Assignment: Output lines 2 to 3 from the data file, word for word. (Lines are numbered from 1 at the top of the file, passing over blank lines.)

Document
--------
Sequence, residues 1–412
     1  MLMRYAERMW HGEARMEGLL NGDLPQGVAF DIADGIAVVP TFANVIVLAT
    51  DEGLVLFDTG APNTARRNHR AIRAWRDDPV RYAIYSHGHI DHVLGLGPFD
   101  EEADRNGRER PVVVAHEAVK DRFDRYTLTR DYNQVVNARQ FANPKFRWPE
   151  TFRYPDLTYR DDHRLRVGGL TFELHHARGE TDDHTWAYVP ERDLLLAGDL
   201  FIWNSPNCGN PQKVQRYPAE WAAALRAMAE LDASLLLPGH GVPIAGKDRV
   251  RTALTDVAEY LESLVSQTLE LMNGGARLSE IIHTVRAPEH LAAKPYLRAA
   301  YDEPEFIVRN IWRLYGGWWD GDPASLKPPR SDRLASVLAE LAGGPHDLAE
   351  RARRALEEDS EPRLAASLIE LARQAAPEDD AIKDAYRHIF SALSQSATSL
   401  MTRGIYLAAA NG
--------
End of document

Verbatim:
     1  MLMRYAERMW HGEARMEGLL NGDLPQGVAF DIADGIAVVP TFANVIVLAT
    51  DEGLVLFDTG APNTARRNHR AIRAWRDDPV RYAIYSHGHI DHVLGLGPFD